The Berdoo Chronicles: David the Goliath
Poverty is not something you are generally aware of as a child. It only crushes you later as you grow older and lose the carefree imagination of youth. People don’t really experience the crush until they have to pay or at least “help out” with the bills. Even in the poorest of ghettos, especially those of my memory, that doesn’t hit until a boy’s testicles drop or a girl begins bloodying up a maxi-pad, when there’s grass on the playing field, and playing doctor begins to have life changing consequences. For most of us, until we hit that mark of adolescence, we were allowed to have that freedom from the normal penalties that begin ringing up when childhood officially ends, for most of us that is.
David was a Goliath, a man-boy forged in a high-test sour mash crucible that the rest of our crew was only vaguely aware of but aware, nonetheless. Of the several white boys in the neighborhood, he was the only one with siblings: older, meaner and living in a dark home straight out of a horror movie. In an area of San Bernardino of the 1970s rife with poverty, his pad reeked of violence and desperation even at a distance; it was like it was caught in a time warp from a not so distant future that the rest of the homes on the block would catch up to in twenty years, trend setters if you will. In a group of low rent white trash that the heavy metal world was waiting for its creation to draw in, David’s home was pure country music, old country music with the blood, the mud and the beer.
Dirty. David was always dirty. If childhood was a Peanuts cartoon, he was Pigpen but with the giant, scar-knuckled fists of a man. He was the fighter. Skinny Joe was the runner, and I was the talker, but David was the fighter. It started in his home and followed him onto the street like a dusty shadow out the front door and into the hood. And, even at the age of ten, he was a racist, born and bred. The first time I ever remember seeing a confederate flag outside of a history book or movie was on the back of his daddy’s truck. His family had launched out of some late staged Okie dustbowl and landed in the middle of a Mexican heavy barrio, and there was no number of tacos that was going to change this Tuna-Helper casserole of a Budweiser violent Joad family. He was born fucked and nurtured into a PTSD pit of rage that was impressive in its own way of watching.
When confronted with a situation of older boys, always Jr. cholo in training types, Skinny Joe took off like a streak with no shame in his running game, but I was too chunky to run and would watch as David’s eyes went flat, and in a tornado of heavy fists against 11 and 12 year old flesh, several future wards of the state went to the ground in rapid succession. David would mercilessly beat them back every time, and I would have to talk him down from chasing them and finishing them off, as if murder was a distinct possibility from a ten year old. And because of this no-quarter, hillbilly upbringing, and the fact that Robert was Mexican-American, David was only a part-timer in our crew, usually around school time until he had to go back from our shiny, new model school on the corner of Baseline and G Street to his last cabin on the left home of petty bloodshed and fear.
But it was without a doubt that the one dirt-clod and BB gun war that I was on the winning side, for once, was solely because we had Psycho Dave on our team.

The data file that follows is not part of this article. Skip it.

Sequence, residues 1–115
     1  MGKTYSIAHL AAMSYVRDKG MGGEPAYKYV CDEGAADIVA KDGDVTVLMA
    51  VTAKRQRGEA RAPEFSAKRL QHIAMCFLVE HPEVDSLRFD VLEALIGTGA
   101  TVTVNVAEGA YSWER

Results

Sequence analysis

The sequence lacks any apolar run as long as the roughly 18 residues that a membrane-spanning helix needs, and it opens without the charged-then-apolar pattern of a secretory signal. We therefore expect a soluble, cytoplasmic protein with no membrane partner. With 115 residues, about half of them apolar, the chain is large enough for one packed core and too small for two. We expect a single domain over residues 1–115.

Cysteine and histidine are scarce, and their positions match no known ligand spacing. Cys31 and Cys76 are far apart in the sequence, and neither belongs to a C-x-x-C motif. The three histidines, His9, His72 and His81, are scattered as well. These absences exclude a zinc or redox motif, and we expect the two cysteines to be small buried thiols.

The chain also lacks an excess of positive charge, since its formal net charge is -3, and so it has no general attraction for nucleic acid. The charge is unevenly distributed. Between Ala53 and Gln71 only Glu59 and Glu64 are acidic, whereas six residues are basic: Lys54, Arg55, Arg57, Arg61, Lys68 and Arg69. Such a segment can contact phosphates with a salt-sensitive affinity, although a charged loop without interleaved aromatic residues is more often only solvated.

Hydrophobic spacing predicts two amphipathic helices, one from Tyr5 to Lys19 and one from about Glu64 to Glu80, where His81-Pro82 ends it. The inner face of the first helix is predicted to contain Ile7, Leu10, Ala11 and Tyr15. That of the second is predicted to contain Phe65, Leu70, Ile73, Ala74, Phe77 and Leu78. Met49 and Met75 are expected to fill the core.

For those of you unaware of this ancient ritual of youthful bloodshed, a dirt-clod and BB gun war is exactly what it sounds like. Two teams start at opposing ends of a large open field and go at each other until one side gives up. How we all came out of this period of time with all of our eyeballs in place and fully functioning is a statistical anomaly. “Why didn’t you use paintball guns at a designated facility?” is a common question. Well, it was the 1970s, we were poor, and paintball guns weren’t really a thing yet, so we had to make do with BB guns and dirt clods. Other mayhem weapons were okayed such as “swippers.” A swipper was a broken screen with the aluminum frame used as a handle to hold the long cylinder ropes of rubber that held the screens in place but were removed and turned into a whip. Those things left a mark. Anything with a blade or a point was off the menu along with nun-chucks or any actual martial arts weapons. Big sticks and bats were a no-go, but thin bamboo poles from the river bottom were okay. They usually broke with the first hit anyways.
On one random summer morning, a battle plan was drawn up, and as luck would have it, Psycho Dave just happened to get a reprieve from his home-world and was strolling up the street as both sides were being picked. We got Dave because the crazy fucker agreed to play without a BB gun, even though he probably had an arsenal at his house. I gave him my swipper I had just made, and once the lines were formed up on the opposite sides of the field, he became a hurricane of dirt clods being launched at the enemy lines. He even drove back the rich preacher’s kid, Tyrone, who had an expensive pump-action pellet gun and would cheat by pumping it more than three times for distance shots like a sniper. I don’t know how many times Dave got hit by that gun, but it just pissed him off even more as he closed in on their ranks. He singlehandedly drove Ty off the field, chasing him with his whip hand slashing away at the retreating kid. We celebrated by buying some soda and shoplifting everything else we needed from the B&G Market. Covered in dirt and welts, ice cold Cokes and orange Fantas washing down stolen chocolate bars never tasted so good.